Basic Economics is the authoritative text to gain a baseline understanding of the way economic systems work. It is an especially important written wo...more Basic Economics is the authoritative text to gain a baseline understanding of the way economic systems work. It is an especially important written work given the context of the looming election season since the Democrats and the Republicans espouse different visions of the economic role of the federal government. The book covers such subjects as: tariffs, outsourcing, subsidies, socialized medicine, international trade, free markets versus command economies, the role of government in economic systems, national debt, efficiency in production, and many other related and important subjects. If you tire of being told how to think along party lines, and wish to form your own informed opinions about the economy, this is the book for you. The USA would be better if just a fraction of the population were well-versed in these tenants of responsible economic governance. (less)
Animal Farm and 1984 are two books that should be required reading for students, politicians and anyone interested in learning more about autocratic...more Animal Farm and 1984 are two books that should be required reading for students, politicians and anyone interested in learning more about autocratic political systems. The books are particularly attuned to the evils of totalitarian states and the methods those governments employ to gain and retain centralized power. The writings are similar in content but the mode of information conveyance is quite different with Animal Farm presented as a "softer" story with an almost flippant presentation and 1984 more attuned to the violent nature of dictatorship and oligarchy. Both books deserve separate attention to explain their specific content, as I will detail below.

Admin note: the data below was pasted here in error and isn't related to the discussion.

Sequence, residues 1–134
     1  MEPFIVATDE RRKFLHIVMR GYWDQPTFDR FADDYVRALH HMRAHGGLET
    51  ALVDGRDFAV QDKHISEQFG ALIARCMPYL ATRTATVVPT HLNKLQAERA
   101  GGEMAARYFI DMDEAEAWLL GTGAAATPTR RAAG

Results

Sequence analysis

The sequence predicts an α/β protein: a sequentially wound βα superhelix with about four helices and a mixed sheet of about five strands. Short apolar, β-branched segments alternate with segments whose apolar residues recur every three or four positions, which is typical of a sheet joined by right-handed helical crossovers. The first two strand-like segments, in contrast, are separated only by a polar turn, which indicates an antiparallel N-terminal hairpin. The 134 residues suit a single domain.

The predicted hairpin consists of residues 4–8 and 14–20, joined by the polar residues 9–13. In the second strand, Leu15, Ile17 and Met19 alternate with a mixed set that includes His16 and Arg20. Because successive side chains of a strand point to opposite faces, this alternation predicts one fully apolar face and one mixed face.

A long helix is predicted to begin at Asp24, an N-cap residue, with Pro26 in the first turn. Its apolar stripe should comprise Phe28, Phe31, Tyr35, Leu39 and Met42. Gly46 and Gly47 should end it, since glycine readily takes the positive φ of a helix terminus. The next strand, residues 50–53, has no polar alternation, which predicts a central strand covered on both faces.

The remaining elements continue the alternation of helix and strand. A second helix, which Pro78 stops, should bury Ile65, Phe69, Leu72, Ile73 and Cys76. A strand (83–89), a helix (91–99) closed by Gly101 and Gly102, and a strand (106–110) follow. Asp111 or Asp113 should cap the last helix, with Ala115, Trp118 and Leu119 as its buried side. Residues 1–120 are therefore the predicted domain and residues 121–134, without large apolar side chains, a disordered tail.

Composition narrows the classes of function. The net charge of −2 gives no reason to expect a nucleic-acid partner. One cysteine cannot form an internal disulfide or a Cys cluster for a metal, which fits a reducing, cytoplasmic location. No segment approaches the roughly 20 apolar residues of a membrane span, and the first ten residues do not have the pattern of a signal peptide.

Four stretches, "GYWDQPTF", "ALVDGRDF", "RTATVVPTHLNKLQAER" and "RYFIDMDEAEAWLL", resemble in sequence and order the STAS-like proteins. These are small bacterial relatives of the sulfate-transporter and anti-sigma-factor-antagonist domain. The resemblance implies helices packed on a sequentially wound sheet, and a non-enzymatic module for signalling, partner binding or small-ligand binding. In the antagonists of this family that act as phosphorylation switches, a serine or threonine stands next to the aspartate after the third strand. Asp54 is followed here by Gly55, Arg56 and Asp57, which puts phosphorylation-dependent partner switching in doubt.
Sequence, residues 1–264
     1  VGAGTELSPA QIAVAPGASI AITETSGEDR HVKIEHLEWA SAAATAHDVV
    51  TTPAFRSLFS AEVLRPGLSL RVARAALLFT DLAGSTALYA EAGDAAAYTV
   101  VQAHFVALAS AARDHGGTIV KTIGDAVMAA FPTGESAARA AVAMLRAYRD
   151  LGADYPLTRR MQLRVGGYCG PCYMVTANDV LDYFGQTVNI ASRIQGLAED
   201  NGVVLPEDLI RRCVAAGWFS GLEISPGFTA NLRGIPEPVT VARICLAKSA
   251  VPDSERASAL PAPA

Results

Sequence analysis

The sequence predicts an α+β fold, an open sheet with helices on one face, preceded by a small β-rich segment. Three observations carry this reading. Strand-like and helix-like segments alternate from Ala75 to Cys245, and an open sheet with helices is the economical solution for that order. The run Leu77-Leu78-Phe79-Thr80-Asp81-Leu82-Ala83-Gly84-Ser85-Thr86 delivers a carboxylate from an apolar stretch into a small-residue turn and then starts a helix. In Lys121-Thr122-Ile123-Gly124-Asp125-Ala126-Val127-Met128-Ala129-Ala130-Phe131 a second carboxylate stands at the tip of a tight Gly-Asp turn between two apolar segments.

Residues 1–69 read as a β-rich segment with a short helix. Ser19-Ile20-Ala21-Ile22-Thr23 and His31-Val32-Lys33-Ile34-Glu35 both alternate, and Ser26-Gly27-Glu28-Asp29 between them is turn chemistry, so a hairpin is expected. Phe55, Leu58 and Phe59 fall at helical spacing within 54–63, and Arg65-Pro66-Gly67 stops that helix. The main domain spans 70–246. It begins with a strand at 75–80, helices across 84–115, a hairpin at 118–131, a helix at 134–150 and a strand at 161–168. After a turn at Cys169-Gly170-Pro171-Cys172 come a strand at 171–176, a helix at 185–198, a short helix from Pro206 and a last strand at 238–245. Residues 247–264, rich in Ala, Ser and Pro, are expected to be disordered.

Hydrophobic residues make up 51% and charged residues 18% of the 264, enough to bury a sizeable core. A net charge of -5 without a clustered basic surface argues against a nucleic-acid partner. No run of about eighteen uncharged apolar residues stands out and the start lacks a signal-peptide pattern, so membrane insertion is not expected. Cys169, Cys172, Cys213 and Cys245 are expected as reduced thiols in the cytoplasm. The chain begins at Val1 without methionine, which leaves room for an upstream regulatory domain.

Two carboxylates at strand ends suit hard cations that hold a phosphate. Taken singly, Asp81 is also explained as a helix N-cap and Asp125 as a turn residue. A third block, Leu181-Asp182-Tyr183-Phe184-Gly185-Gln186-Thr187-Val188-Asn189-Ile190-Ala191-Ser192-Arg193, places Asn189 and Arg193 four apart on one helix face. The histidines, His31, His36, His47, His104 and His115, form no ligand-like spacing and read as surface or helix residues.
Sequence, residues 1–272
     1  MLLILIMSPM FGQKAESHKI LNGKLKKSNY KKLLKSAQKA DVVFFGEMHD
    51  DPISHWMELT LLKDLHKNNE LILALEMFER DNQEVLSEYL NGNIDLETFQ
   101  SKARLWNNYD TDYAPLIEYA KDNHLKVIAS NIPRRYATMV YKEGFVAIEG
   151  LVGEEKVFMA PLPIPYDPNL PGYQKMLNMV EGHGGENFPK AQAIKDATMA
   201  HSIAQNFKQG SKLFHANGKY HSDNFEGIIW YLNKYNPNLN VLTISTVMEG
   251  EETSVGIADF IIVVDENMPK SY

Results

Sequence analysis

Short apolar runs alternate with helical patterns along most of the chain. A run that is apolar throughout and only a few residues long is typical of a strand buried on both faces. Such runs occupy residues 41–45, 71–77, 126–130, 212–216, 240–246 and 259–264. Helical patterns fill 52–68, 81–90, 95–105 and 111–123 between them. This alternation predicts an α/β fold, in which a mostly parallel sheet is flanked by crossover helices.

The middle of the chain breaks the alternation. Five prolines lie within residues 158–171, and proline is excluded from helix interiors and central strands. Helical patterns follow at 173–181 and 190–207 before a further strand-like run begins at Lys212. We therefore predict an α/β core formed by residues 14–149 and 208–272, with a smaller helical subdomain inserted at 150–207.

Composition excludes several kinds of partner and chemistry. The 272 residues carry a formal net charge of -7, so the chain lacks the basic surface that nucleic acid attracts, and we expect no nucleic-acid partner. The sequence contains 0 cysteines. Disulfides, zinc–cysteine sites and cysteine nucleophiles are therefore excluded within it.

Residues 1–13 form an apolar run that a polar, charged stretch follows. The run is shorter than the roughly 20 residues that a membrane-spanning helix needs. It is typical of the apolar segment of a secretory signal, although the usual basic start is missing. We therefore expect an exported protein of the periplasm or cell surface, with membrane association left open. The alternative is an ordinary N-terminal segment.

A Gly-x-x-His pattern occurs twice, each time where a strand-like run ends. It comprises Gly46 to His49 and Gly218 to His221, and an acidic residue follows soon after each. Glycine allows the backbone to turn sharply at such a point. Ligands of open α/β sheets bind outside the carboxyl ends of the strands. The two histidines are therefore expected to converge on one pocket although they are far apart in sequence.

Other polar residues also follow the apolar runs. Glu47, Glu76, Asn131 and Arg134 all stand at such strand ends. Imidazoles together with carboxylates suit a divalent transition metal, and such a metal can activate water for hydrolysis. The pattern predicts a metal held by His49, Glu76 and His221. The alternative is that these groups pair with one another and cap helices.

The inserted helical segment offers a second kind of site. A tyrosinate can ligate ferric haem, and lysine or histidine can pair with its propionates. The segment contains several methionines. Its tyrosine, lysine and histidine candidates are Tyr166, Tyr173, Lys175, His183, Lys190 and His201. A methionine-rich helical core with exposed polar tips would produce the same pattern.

Animal Farm tells the story of a group of animals who become disenfranchised with the human farmer and his methods to operate the farm where they live. The animals rebel, the farmer loses, and the farm animals adopt a form of socialism to rule their new domain. The pigs, and one nasty cabal in particular, maneuver themselves into positions of supreme dominance over the other animals over time which leads to corruption and abuses. This book is roughly based on historical facts in Orwell's lifetime of which he was a firsthand observer; think Union of Soviet Socialist Republics. His character projections are not perfect, and it does leave some major archival events out, but he does manage to capture the rise to prominence of power-hungry men and the dangers of unrestricted political power disguised in the name of socialist equality.
1984, while similar to Animal Farm in some content, is a different animal altogether. The book is set in Oceania, a dystopian society where Big Brother and the Thought Police are an omnipresent reality. The protagonist is Winston Smith, an outer tier worker for INGSOC, the political party of the ruling junta. The story follows his travails as he attempts to rebel against a political system that controls every waking moment of its citizen's existence. This story is much more violent than Animal Farm and may induce an actual feeling of fear in some readers. Words such as Thought Police, Big Brother, thoughtcrime (et al) were originally found in this book and have now become part of the common lingo. It can not be stressed enough the importance of this book as relates to its contributions to Western political thought.